Wednesday, December 5, 2012

Code for the Newton's method problem

As promised, here is my code for Newton's method. Note that I am using Numpy but not pandas. A friend has lent me this book so I am currently working on learning what pandas can do for me.

The first thing you have to do is import numpy. I import as np so all of my numpy commands begin with np. For some reason, the linear algebra module does not load unless I specifically call it with an import command. I need this to invert the Hessian matrix.
import numpy as np
import numpy.linalg
from math import *

Here I read in the data. The size of x along axis=0 (rows) gives the number of training examples. In order to get the intercept term, I have to put a column of ones in front of the x data. In order to get the column of ones where I wanted it, I had to use the insert command. Then I checked the number of columns.
m=np.size(x,0) #number of training examples
n=np.size(x,1) #number of columns

This piece of code sets up a vector of zeros for theta to start the iterations. I do the same thing in the code below for the Hessian matrix and gradient vector. Recall that everything in Python starts at zero so I have an n x 1 vector for the gradient instead of n+1 x 1 like in Matlab.


 Note the reshape command for theta when I am calculating h. For some reason, I couldn't get theta to transpose.
# set up for 10 iterations
for i in range(0,10):
    print "Theta just before h is ", theta

This part of the code is pretty self explanatory and looks very much like the matlab code from the answer sheet. However, note the outer command in the calculation for H. Let's examine this a little more closely.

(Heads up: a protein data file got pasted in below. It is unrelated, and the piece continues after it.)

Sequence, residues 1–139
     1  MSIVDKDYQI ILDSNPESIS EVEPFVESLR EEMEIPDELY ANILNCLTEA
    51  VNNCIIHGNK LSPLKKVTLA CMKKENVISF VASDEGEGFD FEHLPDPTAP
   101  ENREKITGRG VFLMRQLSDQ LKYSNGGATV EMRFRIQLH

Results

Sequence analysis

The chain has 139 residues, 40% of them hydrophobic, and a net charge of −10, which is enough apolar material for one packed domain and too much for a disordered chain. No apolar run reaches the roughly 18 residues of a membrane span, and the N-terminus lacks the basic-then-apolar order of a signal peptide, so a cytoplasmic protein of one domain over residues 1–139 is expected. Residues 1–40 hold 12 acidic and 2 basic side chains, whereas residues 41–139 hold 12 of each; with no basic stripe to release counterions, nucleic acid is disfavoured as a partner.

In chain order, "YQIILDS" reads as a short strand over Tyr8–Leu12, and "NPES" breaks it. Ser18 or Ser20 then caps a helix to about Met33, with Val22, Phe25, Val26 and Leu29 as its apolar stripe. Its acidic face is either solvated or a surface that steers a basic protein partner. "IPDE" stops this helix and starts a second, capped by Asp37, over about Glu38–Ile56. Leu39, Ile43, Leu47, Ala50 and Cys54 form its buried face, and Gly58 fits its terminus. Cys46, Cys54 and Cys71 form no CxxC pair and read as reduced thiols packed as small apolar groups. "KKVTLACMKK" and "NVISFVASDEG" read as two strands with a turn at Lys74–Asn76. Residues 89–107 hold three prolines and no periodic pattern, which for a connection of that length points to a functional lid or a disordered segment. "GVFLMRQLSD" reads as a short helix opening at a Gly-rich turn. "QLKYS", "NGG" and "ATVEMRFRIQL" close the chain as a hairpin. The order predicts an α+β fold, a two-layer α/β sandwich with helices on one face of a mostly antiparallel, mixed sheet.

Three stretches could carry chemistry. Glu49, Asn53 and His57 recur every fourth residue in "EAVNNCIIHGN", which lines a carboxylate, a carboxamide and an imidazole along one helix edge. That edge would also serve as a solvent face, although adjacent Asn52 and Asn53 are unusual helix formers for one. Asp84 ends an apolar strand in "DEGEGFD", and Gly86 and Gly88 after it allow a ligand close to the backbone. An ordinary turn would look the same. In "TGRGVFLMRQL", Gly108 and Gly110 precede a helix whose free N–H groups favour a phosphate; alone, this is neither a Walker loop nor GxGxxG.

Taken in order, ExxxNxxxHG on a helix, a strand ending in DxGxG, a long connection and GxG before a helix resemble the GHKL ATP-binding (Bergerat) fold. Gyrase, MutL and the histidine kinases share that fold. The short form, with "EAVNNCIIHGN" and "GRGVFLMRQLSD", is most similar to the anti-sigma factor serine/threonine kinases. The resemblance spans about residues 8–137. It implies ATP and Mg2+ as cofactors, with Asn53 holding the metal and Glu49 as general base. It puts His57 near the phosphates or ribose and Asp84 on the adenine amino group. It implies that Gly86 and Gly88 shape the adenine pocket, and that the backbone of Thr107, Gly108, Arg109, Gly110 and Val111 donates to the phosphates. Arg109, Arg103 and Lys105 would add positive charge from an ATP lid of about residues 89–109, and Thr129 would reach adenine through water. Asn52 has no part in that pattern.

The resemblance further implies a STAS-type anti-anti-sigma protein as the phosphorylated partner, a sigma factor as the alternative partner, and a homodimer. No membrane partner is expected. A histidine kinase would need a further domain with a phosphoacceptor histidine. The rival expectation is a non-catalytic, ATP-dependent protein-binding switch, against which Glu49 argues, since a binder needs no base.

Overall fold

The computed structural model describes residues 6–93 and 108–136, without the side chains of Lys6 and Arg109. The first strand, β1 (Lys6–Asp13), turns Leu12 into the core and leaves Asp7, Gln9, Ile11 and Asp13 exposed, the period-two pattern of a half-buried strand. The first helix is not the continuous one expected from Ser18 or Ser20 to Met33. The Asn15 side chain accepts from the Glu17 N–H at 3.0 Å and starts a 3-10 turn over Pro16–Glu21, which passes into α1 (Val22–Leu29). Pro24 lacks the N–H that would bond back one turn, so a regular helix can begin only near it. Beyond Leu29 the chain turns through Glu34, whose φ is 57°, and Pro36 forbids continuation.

Here's an example. In this example, a is an example of the lprime vector with one variable (ignore the intercept) and 4 training examples. b is the same vector. Notice they are both 4x1, so you cannot use matrix multiplication.
>>> print a
>>> b=np.array([[1],[2],[3],[4]])
>>> print b

Traceback (most recent call last):
  File "<pyshell#23>", line 1, in <module>,b)
ValueError: objects are not aligned

However, look at what happens when you use the outer command:
>>> d=np.outer(a,b)
>>> print d
[[ 1  2  3  4]
 [ 2  4  6  8]
 [ 3  6  9 12]
 [ 4  8 12 16]]

You get a 4x4 matrix. Where did this come from? The outer product gives you
out[i, j] = a[i] * b[j]
This is what you need for Hessian matrix. It took me a really, really long time to find this. You're welcome.
So here is the rest of the code:
# This calculates the values for lprime vector which will be summed below
    for j in range(0,m):


The next post will show the code for the plot.

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